Cheryl Woodall is a nurse, working at Northumberland, Tyne and Wear, in forensic settings with young people. She also has a diagnosis of bipolar disorder. Cheryl took part in our training film.

I wanted to get involved in this project as a nurse and user of mental health services. I want to highlight that any one of us can suffer from mental health issues and that we all have a very individual journey. It's OK to be that individual - we all experience emotions and 1 in 4 of us experience mental health problems.

It saddens me that in 2016, we as professionals are still not getting it right on this issue. Consequently, it highlights the ongoing work of awareness, education and training that professionals need to improve the delivery of therapeutic services.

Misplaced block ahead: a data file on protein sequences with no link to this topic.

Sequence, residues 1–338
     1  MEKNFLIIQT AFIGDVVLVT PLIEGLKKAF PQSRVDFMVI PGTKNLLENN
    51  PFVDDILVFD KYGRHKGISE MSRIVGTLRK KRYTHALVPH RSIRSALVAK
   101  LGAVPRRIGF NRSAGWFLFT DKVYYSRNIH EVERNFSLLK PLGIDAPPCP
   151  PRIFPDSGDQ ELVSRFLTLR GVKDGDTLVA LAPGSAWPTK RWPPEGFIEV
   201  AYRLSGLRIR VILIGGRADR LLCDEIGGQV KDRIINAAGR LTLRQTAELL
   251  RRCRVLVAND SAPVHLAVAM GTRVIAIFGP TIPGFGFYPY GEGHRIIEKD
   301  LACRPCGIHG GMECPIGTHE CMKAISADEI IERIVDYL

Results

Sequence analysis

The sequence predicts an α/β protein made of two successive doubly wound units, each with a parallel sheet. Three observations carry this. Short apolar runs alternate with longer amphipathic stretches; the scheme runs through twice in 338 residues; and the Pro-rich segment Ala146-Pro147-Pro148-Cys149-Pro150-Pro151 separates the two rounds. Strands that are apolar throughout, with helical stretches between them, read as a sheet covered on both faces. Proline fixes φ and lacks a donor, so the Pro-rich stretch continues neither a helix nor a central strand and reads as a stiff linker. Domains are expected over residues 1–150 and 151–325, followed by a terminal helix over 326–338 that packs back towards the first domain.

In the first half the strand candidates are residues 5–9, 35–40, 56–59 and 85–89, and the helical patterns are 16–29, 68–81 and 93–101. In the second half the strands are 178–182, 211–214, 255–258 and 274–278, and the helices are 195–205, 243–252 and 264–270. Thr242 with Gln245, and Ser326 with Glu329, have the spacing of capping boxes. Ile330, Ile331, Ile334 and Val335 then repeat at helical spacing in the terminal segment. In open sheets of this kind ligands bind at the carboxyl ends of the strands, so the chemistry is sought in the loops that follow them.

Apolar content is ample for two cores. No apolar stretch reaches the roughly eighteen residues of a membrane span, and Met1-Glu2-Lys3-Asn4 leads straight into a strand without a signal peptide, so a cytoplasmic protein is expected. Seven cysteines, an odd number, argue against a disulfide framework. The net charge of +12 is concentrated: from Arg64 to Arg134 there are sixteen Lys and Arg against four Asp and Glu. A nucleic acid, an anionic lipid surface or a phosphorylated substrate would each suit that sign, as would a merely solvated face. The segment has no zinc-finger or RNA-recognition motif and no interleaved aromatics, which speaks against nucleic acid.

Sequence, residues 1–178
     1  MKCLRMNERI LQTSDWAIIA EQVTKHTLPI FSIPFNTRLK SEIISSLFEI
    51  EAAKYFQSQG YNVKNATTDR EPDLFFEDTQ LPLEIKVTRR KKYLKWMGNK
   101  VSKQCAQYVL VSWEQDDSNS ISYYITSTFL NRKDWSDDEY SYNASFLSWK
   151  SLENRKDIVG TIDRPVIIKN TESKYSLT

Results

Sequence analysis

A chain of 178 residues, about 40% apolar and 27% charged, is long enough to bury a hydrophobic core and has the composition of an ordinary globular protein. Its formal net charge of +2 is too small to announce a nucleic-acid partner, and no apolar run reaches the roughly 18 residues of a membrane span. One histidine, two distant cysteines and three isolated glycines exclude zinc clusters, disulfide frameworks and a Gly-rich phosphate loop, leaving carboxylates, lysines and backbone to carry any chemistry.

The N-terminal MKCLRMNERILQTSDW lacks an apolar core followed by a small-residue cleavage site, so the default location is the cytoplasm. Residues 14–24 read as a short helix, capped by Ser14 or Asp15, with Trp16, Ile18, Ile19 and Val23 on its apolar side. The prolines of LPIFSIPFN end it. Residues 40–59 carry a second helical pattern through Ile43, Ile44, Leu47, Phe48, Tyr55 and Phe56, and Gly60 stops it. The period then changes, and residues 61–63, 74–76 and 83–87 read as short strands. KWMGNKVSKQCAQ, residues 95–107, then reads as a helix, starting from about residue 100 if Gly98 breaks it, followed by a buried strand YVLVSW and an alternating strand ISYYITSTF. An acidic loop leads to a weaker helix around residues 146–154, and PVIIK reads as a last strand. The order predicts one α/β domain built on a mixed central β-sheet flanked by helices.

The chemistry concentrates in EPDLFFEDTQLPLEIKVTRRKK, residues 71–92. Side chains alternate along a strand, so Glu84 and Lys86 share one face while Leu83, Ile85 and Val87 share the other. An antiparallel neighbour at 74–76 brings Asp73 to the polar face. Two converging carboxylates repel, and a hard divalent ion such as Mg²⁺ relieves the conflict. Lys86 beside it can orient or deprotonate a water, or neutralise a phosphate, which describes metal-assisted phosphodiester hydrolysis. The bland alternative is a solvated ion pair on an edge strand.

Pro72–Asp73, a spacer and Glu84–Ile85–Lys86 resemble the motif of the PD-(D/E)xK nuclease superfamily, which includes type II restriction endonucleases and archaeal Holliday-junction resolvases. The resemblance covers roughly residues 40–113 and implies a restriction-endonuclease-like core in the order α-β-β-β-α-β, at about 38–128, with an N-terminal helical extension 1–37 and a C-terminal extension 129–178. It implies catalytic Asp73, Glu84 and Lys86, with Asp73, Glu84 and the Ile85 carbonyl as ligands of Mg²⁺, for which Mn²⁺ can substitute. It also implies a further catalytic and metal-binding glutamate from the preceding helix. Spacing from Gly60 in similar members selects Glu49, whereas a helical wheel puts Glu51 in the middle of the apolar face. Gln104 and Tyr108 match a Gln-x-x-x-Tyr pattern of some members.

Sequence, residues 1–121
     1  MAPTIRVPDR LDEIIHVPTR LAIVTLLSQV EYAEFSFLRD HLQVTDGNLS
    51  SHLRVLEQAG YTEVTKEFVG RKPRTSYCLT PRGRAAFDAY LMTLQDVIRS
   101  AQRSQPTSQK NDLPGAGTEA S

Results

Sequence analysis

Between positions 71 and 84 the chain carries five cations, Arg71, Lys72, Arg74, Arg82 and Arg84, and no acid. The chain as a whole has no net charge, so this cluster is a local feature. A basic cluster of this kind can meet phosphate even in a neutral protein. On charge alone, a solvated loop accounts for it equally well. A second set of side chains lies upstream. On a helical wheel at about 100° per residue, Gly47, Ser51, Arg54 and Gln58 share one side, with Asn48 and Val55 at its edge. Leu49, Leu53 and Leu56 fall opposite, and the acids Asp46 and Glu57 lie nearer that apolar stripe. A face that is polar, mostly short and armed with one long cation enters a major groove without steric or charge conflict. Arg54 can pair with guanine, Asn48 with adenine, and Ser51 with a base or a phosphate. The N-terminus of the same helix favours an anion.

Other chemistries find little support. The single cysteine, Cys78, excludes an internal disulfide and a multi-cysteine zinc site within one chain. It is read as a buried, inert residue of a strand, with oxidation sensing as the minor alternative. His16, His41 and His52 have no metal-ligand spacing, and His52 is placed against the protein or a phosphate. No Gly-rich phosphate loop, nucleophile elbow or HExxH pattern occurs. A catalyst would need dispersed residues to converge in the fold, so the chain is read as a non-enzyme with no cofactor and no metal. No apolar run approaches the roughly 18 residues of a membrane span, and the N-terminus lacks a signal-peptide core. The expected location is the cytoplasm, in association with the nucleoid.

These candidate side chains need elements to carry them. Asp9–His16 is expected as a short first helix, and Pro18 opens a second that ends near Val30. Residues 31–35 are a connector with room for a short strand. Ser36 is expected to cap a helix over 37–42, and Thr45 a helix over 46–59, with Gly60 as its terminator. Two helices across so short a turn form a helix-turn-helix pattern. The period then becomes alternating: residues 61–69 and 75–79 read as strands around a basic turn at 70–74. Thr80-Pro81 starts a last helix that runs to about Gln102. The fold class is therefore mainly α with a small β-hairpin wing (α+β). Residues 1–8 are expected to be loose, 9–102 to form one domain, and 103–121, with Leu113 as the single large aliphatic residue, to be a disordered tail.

When talking about the work I’ve been doing, the response I’ve had has been overwhelming and in fact, unexpected. I find the more I talk about the project and my individual journey, the more conversations I am having. This has involved professionals divulging their own experiences and seeking further information on the project. Other mental health professionals are surprised that we are still getting it wrong.

My involvement in this work has reminded me of the vulnerability of individuals and the importance of delivering care, which must include:

  • focussing on the individual 
  • listening to the individual 
  • understanding that they are the experts on how they feel
  • their journey is individual to them

As a nurse I must promote and educate others within an internal and external field to ensure that we do get it right and stigma and discrimination as an obstacle is removed.

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